John Hopkins Study Reveals How Gamblers Make Risky Decisions

January 10, 2019 by Ella McDonald

John Hopkins UniversityAccording to a new study from John Hopkins University, gamblers are more likely to take risks and place big bets after winning several times. This is despite the fact that they might be facing long odds. This reflects the findings of the study that people start creating internal biases that influence how they make risky decisions. Gamblers usually take into account the most recent events and not look at the big picture.

The study by itself was pretty interesting. Researchers worked with subjects which had electrodes implanted in their brains. This was mainly done as a way to locate what part of the brain causes seizures but the data from the electrodes also gives researchers insight on brain activity during a variety of activities.

For this study, researchers had the subject play games involving bets on a computer. The game had an infinite deck of cards with five different values. They each had an equivalent chance of being dealt. The players were then shown two cards with one card revealed and one card hidden. Players were then asked to either wager low or high whether the revealed card’s value will be higher than the hidden one.

The card values were limited to two, four, six, eight, and ten. When presented with two, four, eight, and ten, players did not need much time to bet. However, six – which is the middle number – players halted and decided to base their wagers on previous results.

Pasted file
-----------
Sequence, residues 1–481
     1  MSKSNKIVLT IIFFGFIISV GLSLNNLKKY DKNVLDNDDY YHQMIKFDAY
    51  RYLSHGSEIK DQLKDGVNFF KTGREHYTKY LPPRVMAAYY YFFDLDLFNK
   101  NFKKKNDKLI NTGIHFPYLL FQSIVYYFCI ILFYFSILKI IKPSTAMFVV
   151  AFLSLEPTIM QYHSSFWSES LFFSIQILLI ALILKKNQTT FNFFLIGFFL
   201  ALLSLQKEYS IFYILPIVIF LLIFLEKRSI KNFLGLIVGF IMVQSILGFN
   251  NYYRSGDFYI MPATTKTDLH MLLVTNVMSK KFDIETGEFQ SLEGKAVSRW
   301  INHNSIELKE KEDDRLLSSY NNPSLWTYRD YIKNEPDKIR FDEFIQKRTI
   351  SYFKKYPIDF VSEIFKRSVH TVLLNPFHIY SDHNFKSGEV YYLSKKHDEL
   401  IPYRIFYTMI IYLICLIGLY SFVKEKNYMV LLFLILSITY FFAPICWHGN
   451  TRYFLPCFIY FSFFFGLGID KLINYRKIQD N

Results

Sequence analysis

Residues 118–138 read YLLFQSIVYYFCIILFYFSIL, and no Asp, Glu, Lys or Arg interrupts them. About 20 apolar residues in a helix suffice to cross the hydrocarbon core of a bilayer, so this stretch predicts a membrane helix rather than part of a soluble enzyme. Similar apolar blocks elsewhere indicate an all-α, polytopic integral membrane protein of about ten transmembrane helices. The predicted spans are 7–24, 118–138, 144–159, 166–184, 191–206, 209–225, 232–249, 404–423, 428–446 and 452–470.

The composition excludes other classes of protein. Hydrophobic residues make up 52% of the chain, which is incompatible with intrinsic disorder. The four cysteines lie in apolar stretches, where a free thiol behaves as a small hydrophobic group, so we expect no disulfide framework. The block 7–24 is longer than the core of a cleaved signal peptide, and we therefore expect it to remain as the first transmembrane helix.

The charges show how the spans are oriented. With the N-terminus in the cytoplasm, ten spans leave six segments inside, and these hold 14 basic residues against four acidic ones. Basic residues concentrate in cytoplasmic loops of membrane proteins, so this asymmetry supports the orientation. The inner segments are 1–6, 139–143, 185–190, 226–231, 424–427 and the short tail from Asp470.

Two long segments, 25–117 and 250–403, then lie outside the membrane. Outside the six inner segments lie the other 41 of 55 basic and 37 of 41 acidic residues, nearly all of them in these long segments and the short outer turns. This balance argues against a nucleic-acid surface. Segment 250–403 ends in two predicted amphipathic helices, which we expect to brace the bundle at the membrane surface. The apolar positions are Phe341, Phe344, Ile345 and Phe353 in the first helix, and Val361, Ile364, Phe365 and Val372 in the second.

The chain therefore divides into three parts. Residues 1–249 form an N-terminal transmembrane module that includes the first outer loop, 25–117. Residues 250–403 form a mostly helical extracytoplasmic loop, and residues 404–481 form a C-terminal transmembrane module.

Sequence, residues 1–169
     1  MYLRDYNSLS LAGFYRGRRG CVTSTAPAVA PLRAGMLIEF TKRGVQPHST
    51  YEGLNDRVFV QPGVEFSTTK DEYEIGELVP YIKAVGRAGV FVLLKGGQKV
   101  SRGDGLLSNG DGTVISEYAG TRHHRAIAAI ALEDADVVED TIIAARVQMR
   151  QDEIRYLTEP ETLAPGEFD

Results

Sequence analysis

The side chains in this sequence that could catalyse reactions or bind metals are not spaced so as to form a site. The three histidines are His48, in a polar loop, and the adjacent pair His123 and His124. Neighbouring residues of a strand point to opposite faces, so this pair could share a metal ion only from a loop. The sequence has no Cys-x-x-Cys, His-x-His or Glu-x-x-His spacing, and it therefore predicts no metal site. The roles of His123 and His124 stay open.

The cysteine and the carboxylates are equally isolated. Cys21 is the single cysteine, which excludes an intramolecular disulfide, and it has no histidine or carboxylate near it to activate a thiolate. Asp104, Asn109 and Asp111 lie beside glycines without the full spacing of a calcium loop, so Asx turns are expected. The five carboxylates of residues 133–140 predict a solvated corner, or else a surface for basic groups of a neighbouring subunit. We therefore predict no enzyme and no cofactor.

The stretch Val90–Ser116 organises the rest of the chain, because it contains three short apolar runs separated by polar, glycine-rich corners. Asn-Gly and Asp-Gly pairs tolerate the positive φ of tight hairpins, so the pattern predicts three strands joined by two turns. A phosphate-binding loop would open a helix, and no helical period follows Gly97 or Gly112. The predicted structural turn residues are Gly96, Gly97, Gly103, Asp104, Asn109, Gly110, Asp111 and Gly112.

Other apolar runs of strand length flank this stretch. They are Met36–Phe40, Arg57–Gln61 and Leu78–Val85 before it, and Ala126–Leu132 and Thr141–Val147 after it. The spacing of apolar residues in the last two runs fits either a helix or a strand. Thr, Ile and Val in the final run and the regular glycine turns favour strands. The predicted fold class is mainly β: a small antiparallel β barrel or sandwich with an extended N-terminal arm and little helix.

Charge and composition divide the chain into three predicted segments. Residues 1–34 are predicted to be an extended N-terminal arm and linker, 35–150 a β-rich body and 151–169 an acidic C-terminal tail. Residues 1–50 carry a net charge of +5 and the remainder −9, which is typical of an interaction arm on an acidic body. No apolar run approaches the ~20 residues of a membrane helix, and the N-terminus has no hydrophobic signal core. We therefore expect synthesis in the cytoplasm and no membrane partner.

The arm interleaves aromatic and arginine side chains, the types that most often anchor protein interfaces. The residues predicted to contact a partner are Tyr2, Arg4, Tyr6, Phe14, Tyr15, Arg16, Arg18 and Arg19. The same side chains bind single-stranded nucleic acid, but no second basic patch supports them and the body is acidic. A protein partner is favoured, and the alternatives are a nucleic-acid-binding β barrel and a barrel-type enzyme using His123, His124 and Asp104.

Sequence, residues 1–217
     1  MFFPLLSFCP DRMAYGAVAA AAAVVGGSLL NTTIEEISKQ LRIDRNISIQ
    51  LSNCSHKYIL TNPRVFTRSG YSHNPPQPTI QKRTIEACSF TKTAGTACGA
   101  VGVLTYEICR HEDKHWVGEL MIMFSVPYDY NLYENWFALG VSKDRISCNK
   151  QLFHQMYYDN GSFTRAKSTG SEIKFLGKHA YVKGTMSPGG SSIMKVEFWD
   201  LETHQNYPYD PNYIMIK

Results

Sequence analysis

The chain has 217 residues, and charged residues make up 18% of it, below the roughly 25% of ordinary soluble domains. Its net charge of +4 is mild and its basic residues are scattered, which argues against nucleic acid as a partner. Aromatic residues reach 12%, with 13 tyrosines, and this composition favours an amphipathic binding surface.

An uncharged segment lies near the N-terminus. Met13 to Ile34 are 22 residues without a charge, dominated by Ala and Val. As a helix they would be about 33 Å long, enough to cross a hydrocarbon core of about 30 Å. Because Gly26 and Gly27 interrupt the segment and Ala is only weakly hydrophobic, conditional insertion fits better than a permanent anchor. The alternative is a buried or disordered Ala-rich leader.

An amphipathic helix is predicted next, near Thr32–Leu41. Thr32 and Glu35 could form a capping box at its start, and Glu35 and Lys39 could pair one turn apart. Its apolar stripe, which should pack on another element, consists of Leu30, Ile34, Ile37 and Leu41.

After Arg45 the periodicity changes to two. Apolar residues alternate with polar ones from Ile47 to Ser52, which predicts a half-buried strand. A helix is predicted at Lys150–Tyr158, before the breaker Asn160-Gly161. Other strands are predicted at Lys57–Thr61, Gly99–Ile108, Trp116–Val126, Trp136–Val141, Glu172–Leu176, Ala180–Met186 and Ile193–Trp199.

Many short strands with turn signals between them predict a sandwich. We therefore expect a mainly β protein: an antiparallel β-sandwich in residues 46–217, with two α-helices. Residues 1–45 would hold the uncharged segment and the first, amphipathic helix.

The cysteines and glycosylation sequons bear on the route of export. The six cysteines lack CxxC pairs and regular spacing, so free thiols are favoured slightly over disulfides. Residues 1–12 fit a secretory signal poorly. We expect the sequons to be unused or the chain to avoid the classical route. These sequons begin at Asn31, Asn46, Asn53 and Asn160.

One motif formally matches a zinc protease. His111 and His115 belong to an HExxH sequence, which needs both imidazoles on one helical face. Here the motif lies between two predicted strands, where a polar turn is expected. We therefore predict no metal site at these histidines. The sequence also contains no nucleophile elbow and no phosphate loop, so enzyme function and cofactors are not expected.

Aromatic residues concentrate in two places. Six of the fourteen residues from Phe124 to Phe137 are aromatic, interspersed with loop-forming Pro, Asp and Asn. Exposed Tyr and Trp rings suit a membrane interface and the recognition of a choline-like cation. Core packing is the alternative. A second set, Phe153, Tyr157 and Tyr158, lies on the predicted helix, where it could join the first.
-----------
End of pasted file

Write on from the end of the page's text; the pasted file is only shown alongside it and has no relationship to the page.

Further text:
This is despite the fact that the previous results had no influence on the result.

In a statement, Sridevi Sarma, professor of biomedical engineering at the Johns Hopkins University Whiting School of Engineering said

The players are accumulating all the past card values and all the past outcomes, but with a fading memory. What happened most recently weighs on a person more than older events do

Past Performance Not A Safe Indicator

This dependence on past performance as a benchmark can be seen in financial investors as well. This is why a lot of finance managers warn that past performance is not a good guarantee of future results. The survey proves that it gamblers are likely to perform better if they ignored their recent wins when making fresh betting decisions.

The study comes out as a critical time as legalized sports betting is starting to grow in the United States. This new betting avenue is yet another way for American players to lose money if they are not careful with their wagers according to the study results.

A full paper on the study was published by Proceedings of the National Academy of Sciences.

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Ella McDonald Author

Worldwide gambling related news stories are what you will find being written by Ella, she has a keen interest however in UK and European based new stories relating to all gaming environments, and she is always prepared to ask the difficult questions many other journalists avoiding asking those in power.

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